Though infrequent, spontaneous coronary artery dissection (SCAD) is increasingly recognized as an important cause of acute coronary syndrome (ACS), particularly in young healthy women. However, the population-based incidence of SCAD is unknown. We evaluated the incidence, patient characteristics, clinical characteristics, and mortality of SCAD-related hospitalizations using data from a national population-based cohort study from January 1, 2004, to September 30, 2015. In 13,573,200 patients who presented with an acute coronary syndrome, 66,360 (0.49%) of patients were diagnosed with SCAD. The mean age was 63.1 ± 13.2 years and 44.2% were women. In-hospital mortality of SCAD patients was 4.2%: 5.03% in females and 3.55% in males (p < 0.001). In conclusion, SCAD is an uncommon diagnosis that should be considered in males and older patients in addition to females presenting with ACS. Most SCAD patients today are managed medically. In-hospital mortality is comparable to that of other patients who present with ACS.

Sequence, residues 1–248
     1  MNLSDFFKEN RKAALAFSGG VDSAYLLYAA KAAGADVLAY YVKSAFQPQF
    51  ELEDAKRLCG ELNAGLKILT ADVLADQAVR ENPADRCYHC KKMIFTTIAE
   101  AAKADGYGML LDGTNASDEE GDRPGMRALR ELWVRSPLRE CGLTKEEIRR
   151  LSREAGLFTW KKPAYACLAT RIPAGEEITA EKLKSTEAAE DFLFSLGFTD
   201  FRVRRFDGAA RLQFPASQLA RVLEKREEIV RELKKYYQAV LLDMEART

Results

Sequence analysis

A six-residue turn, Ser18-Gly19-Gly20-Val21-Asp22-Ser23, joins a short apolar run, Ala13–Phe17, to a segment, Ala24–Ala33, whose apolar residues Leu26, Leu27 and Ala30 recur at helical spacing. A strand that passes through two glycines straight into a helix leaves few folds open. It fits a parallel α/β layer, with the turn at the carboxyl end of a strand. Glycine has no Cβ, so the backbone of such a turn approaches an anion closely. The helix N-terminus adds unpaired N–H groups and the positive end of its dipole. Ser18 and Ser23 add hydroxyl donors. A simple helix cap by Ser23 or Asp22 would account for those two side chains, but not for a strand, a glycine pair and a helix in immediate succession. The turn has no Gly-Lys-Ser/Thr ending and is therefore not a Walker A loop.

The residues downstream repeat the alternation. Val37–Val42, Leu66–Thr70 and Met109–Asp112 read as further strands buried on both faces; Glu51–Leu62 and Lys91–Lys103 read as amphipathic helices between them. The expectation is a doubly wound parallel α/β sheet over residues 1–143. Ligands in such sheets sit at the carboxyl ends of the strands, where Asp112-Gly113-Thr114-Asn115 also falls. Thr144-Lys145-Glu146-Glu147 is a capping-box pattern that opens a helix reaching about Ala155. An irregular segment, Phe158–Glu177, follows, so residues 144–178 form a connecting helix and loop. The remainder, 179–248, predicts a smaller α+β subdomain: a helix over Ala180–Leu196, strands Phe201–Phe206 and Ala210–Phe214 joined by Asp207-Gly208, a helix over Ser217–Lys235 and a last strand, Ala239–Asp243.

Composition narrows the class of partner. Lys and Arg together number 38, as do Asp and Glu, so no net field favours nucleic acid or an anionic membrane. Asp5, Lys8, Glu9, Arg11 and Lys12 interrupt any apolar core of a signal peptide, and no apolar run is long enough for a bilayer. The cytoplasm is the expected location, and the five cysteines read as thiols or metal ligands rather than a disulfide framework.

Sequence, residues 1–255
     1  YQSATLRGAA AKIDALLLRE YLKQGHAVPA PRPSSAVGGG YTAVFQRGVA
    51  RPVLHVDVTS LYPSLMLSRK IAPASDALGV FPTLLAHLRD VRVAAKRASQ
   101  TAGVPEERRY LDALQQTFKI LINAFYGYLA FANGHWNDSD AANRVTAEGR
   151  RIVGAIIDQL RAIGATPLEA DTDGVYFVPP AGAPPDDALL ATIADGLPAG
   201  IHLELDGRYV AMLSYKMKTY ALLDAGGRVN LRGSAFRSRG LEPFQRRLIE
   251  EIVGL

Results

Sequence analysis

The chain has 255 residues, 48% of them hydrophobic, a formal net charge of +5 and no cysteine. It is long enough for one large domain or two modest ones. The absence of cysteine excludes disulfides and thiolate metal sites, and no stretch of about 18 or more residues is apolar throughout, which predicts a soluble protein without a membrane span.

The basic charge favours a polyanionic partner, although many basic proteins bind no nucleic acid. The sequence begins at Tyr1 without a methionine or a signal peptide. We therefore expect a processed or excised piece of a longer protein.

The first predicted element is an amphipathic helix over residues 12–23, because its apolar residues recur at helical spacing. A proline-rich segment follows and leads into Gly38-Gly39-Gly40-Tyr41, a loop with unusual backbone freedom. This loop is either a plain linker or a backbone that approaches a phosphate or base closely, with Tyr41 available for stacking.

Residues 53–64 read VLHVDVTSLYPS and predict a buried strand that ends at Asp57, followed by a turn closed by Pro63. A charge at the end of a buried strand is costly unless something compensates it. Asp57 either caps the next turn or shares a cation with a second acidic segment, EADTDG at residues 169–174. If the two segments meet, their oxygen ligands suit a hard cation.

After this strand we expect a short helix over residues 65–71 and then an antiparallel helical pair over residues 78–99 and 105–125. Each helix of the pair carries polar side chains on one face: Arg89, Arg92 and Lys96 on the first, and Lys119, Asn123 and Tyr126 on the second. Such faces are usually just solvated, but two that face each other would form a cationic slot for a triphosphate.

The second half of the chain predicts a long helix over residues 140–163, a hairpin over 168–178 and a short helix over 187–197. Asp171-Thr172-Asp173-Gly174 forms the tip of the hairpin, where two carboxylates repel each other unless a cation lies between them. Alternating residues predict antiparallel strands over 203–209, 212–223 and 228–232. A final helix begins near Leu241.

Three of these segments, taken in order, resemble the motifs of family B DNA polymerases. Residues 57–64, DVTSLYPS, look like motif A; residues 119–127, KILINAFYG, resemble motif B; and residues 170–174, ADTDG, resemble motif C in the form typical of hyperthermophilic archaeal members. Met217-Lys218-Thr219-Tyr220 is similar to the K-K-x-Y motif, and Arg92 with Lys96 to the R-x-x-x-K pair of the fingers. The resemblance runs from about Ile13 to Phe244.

ASJC Scopus subject areas
- Cardiology and Cardiovascular Medicine